Also, around this time, Émilie started to suffer from seizures, which their parents and doctors covered up for fear of the stigma of epilepsy at the time. When they were fourteen, a newspaper chose to publish how much each girl weighed, proving that while media attention was slowly going away, it was still very prevalent in the girls’ lives.
Eventually, the girls all escaped their hellish homelife, and went on to write their own stories. When they were nineteen, Marie and Émilie were the first to escape, by joining different convents. When Émilie died two months later, media attention in the quintuplets dried up; after all, they were no longer quintuplets, but instead four sisters. As devastating as Émilie’s death was, it gave the others a chance to finally escape once and for all.
So, enough about all the quints in general, let’s talk about Cécile. After Émilie’s death, Cécile and Yvonne attended nursing school together.
Cécile married and had five children (two of her boys were twins, and one of those twins died at fifteen months of age), but her marriage failed. This despite the fact she was the first of the quints to ever reach out and risk dating in the first place. Within months of her wedding, Cécile was pregnant. By the time the marriage failed in 1964, Cécile learned her husband was a closeted gay man, an alcoholic, and was also unfaithful to her. Her ex-husband would never ask to see his children, nor would he provide financial support. At times, Cécile would have to give her children to various foster homes when she was unable to support them emotionally or financially.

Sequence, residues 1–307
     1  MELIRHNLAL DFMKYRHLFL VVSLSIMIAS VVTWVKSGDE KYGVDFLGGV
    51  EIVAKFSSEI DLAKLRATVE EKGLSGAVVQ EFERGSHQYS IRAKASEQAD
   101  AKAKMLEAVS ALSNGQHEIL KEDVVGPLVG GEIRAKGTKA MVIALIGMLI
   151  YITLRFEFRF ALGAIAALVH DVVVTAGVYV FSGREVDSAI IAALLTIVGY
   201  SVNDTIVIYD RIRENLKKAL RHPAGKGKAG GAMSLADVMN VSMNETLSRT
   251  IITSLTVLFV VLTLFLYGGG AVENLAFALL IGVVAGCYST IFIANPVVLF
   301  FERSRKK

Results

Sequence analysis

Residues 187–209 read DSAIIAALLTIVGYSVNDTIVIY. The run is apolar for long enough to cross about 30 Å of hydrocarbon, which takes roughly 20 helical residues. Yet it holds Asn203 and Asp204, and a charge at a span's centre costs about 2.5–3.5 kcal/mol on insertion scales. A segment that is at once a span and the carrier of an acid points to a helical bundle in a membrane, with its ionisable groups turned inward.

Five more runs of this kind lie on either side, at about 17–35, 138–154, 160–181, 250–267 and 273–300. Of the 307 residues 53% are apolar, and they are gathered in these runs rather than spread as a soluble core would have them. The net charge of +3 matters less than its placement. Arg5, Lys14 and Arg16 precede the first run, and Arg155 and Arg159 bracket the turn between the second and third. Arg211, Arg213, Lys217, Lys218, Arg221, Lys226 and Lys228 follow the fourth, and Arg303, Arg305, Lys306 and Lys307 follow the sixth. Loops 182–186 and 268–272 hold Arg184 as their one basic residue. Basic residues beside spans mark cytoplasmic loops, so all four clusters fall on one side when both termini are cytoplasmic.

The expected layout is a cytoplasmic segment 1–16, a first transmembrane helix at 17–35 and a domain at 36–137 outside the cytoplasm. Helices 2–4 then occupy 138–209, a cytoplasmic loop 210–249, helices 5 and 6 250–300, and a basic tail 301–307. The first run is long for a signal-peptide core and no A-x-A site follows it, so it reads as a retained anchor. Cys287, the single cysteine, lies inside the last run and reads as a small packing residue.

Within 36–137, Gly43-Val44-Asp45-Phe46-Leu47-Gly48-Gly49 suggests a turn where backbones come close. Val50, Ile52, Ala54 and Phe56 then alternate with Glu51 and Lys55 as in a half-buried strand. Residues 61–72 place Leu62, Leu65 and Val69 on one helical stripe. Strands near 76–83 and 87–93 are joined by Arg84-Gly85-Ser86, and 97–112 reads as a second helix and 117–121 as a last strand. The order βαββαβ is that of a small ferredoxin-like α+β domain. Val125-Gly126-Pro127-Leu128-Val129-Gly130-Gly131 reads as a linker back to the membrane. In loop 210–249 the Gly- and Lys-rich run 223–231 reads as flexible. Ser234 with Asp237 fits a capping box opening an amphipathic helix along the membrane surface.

In 1998 she, Annette, and Yvonne reached a $2.8 million settlement with the Ontario government for their exploitation (or $4 million in Canadian money). In that same year, Cécile moved into a duplex that her son Bertrand had bought with his portion of the settlement his mother received. In 2006, Bertrand sold the duplex and moved his mother into a nice senior living facility. However, six years later, in 2012, Bertrand disappeared off the map, taking all of Cécile’s money with him. As of 2019, Cécile had yet to hear from him, and is now a ward of the Canadian government once again.
Annette and Cécile cannot see each other in person often, but they call each other multiple times a day. Of the five, they are the only two still alive in 2020.
Located In My Personal Library:
The Miracle and Tragedy of the Dionne Quintuplets by Sarah Miller
The Miracle and Tragedy of the Dionne Quintuplets by Sarah Miller